Europe: Chiquita on Fruitbox
In March 2020 ‘Fruitbox’ was launched by Fruitnet Media International to broadcast keynote interviews and expert analysis from across the global fruit and vegetable business. Many episodes since its launch have featured COVID-19-related content. For example in April Fruitbox featured Barbara Galli, global marketing and communication lead at Chiquita Brands International on how the brand is adjusting its advertising strategy amid the pandemic. In the podcast episode Ms Galli explained that Chiquita had to immediately refashion original plans to reflect the new reality of the consumer life in home confinement, and send Miss Chiquita home of course!
MENA: Fresh e-commerce
E-commerce and the digitalization of trading have had a slow uptake in the fresh fruit and vegetable sector until very recently. The COVID-19 pandemic has compelled many actors used to traditional sales to transform their trading reality to the world of online commerce due to the closure of wholesale markets, foodservice and some retail outlets. In the Middle East and North Africa Fresh Del Monte have launched a new e-commerce store so that consumer can access the brand’s fresh products. With same-day delivery offered to orders placed by 12 noon, the new store allows consumers to buy fresh as well as processed fruit and vegetable products.
Spain: Watermelon TV star
In normal circumstances the watermelon season would be kicking off before summer holidays truly begin. However, this season with most families in home confinement across Spain UNICA has launched a fully televised and online promotion campaign for its Freshquita seedless watermelon to connect with consumers. The 20-second television advertisement will appear in top-rated programmes to alert consumers of the watermelon’s health benefits and availability. Additionally the campaign is being featured on social media where a contest will be held to encourage consumption and blogger, food technologist and nutritionist Aitor Sánchez will be promoting consumption through live shows on his Instagram account.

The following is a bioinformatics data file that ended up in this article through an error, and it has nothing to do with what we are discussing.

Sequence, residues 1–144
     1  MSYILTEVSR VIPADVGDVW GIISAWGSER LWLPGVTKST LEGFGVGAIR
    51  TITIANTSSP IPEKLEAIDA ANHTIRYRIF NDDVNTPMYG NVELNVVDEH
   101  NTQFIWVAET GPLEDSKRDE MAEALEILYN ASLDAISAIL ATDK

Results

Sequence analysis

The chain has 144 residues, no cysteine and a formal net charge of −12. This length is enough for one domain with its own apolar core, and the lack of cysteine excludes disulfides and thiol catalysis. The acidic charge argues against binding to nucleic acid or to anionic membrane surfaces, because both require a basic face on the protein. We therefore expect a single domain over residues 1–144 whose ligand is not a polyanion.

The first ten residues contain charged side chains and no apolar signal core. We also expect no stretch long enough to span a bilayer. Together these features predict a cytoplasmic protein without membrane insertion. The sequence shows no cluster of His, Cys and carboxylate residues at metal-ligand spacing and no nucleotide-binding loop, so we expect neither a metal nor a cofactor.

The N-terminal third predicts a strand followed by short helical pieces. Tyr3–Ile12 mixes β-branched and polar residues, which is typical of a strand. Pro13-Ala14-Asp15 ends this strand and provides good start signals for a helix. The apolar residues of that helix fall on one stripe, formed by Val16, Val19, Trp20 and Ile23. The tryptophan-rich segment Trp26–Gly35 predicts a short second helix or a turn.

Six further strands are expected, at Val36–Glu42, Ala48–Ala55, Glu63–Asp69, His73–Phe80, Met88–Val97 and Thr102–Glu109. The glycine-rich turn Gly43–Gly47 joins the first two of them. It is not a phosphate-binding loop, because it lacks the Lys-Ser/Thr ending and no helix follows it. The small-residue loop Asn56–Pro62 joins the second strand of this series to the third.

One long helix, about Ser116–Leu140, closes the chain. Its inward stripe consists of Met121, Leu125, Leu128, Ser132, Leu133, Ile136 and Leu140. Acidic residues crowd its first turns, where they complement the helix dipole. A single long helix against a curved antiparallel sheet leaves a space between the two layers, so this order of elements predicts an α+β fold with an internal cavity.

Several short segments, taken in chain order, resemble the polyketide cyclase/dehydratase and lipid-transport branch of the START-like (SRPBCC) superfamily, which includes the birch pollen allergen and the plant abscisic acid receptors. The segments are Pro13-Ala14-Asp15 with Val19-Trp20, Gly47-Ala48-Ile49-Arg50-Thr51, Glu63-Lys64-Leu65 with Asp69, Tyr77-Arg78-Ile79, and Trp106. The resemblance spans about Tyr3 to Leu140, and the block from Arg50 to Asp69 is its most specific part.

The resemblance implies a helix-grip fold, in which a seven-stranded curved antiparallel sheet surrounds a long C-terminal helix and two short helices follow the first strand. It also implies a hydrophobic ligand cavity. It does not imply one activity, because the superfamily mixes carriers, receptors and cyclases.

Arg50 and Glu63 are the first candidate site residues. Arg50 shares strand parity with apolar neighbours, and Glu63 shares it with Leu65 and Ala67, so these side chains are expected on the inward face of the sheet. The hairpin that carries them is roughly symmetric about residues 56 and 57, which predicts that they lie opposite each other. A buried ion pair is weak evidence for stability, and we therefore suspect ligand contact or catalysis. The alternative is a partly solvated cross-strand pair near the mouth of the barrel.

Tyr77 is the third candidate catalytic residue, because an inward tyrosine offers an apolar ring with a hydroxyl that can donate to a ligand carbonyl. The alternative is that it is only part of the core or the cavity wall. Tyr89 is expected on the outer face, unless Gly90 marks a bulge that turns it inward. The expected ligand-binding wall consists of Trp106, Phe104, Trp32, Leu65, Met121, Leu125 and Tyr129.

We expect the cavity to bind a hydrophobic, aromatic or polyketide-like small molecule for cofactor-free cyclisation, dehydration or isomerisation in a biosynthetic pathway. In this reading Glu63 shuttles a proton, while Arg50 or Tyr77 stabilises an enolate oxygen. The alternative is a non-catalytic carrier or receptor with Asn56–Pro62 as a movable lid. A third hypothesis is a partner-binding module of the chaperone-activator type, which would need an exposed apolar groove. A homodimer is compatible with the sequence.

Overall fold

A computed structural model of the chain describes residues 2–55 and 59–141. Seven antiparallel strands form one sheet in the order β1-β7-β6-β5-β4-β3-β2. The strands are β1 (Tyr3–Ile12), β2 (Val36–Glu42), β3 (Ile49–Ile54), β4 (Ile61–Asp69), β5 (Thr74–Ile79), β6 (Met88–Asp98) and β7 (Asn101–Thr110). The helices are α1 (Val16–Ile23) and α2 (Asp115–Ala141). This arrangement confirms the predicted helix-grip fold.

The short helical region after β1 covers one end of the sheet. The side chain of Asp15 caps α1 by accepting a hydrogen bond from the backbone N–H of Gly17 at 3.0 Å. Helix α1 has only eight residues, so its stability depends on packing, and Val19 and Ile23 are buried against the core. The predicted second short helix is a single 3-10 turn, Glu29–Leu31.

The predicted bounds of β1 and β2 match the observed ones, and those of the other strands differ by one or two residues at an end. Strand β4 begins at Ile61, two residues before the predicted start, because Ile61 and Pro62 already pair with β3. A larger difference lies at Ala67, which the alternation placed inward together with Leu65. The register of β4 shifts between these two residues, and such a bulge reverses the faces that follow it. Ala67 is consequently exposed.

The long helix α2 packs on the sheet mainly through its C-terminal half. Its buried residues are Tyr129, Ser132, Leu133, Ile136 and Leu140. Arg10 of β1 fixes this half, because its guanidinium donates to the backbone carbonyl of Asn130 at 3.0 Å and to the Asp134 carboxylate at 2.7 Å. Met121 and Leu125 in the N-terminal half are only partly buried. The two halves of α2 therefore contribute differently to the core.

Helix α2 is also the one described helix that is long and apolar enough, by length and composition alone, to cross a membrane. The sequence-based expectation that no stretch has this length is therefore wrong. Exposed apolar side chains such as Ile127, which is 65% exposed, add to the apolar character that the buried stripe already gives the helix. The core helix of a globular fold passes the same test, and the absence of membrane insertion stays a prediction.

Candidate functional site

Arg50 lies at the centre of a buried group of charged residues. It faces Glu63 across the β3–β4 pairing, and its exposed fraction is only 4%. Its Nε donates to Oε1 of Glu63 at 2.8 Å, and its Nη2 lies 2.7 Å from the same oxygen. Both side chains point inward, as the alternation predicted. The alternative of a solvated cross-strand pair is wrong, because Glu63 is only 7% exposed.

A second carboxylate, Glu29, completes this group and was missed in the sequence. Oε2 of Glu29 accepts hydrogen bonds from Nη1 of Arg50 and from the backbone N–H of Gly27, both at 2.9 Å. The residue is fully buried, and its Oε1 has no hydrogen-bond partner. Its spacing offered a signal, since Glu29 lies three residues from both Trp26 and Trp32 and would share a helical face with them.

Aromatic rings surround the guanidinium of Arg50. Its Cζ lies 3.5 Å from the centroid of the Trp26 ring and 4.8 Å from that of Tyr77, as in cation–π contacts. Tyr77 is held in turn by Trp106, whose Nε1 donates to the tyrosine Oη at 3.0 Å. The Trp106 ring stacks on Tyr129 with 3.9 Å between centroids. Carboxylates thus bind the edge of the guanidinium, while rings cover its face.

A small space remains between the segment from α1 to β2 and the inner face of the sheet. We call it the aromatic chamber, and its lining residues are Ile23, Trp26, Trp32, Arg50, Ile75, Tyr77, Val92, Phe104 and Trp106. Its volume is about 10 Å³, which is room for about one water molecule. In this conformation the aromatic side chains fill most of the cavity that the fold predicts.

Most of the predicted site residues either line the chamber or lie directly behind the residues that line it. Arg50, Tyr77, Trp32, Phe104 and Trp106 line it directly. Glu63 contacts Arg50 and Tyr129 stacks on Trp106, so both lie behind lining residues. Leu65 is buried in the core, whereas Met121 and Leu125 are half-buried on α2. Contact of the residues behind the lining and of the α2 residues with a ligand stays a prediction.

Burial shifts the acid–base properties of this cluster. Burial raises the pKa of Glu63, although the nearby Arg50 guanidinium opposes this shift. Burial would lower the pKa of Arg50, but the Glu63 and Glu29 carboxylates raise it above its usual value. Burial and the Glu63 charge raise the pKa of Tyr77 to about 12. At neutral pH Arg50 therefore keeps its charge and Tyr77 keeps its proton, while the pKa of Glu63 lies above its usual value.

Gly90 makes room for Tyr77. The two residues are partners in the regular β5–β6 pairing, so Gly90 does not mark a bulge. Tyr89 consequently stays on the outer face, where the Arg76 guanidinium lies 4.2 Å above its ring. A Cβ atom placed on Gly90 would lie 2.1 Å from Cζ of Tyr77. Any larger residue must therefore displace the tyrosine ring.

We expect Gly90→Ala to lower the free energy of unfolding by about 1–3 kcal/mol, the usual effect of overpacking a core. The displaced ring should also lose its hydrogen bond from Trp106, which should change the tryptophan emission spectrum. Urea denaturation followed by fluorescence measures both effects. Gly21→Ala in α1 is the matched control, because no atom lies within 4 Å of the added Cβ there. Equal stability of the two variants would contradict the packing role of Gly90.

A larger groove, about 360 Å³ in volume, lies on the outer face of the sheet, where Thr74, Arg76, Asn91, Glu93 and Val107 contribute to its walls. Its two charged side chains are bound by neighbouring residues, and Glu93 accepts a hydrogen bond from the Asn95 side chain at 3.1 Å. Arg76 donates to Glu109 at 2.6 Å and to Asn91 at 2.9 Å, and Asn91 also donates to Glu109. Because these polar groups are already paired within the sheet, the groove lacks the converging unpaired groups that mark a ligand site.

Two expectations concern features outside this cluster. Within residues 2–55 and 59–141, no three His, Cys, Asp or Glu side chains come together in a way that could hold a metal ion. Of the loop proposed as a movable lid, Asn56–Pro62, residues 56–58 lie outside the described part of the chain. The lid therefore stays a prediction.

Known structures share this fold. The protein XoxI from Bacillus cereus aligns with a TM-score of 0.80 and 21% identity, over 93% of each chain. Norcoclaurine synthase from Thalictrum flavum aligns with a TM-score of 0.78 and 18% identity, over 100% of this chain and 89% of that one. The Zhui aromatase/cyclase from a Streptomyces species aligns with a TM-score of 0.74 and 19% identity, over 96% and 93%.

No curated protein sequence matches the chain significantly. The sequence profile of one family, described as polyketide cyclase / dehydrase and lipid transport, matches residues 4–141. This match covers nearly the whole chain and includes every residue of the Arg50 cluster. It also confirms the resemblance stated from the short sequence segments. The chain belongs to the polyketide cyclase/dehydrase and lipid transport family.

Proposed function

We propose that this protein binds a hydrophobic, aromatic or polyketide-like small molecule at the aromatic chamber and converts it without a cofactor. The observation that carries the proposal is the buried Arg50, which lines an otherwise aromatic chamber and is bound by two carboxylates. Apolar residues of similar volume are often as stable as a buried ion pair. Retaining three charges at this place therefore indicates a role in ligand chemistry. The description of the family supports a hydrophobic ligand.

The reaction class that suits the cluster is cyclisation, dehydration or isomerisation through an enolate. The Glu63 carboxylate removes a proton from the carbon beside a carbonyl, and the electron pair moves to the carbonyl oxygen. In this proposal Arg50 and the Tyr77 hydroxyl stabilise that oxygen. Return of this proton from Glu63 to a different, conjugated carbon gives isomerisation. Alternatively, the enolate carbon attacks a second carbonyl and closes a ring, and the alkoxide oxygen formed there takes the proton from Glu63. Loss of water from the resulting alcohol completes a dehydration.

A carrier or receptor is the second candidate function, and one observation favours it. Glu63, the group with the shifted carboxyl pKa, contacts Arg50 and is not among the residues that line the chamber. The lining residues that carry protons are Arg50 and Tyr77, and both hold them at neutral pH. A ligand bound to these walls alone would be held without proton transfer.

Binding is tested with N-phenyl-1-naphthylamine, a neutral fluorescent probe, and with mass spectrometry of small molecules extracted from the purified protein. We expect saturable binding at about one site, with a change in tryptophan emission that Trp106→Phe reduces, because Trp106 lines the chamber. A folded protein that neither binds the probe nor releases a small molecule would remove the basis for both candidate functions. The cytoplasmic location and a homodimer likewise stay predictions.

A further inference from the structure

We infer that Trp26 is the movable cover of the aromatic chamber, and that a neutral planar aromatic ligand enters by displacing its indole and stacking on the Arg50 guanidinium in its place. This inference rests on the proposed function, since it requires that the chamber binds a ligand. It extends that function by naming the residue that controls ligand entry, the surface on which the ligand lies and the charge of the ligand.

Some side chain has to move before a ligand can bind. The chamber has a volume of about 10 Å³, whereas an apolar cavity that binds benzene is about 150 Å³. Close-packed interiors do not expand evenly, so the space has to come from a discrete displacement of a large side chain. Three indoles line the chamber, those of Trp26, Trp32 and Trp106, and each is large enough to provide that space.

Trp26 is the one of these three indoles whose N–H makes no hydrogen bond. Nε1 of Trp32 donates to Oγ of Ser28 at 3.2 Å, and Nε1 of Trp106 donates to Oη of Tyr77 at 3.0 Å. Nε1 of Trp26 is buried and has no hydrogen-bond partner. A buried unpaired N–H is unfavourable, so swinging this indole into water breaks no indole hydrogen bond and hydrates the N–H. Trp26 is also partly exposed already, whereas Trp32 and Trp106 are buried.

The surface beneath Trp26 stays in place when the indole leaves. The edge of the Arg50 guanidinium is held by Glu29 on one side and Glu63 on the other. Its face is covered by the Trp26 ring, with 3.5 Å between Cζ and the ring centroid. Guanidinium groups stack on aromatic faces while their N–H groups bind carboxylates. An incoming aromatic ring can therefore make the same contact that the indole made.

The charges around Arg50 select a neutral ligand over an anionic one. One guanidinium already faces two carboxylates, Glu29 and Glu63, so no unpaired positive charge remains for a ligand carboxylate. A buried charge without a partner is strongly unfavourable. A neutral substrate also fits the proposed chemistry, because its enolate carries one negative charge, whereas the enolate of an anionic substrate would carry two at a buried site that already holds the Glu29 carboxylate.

The Netherlands: Bring out the cress
Fresh fruit and vegetable products that usually predominantly cater for foodservice have had to completely rethink their customer base amid the COVID-19 pandemic. The near complete closure of the foodservice industry has compelled many to reformat their products for new clients in order to continue business. Koppert Cress has done exactly that. Usually supplying restaurants, Koppert Cress is now looking at new ways of encouraging consumers to add cress to their home cooked meals. In their April YouTube video, Rob Baan explains how cress can be used on dishes at home to achieve restaurant quality and demonstrates small cress packaging that can be purchased for easy at-home use.
Australia/NZ: An avo at home
Amid the COVID-19 pandemic Australian and New Zealand avocado industries have launched marketing campaigns promoting fun home avocado consumption. In Australia a new social media campaign #smashanavoathome was launched which is supported by video and social media content of growers and actors in the supply chain’s favourite ‘eat at home’ avocado dishes. Similarly in New Zealand #Avopartyanyway was launched, a virtual dinner experience with friends featuring avocado dishes during lockdown. Participants were invited to set up video calls with friends and family and follow a virtual dinner guide for an avocado-inspired dinner party with easy, healthy and fun recipes.
In this new COVID-19 environment food waste prevention action must also continue. The UNECE is currently piloting a new food loss and waste prevention project called FeedUP@UN, which looks at how and why food loss and waste occurs across the supply chain pre-retail and how this could be prevented through B2B and B2C digital trade. FeedUP@UN aims to create new digital trade connections that are alternative, flexible and fast-reaching marketplaces that go beyond traditional forms of the supply chain, are blockchain supported and are for food currently lost or wasted along the supply chain only. For more information contact firstname.lastname@example.org.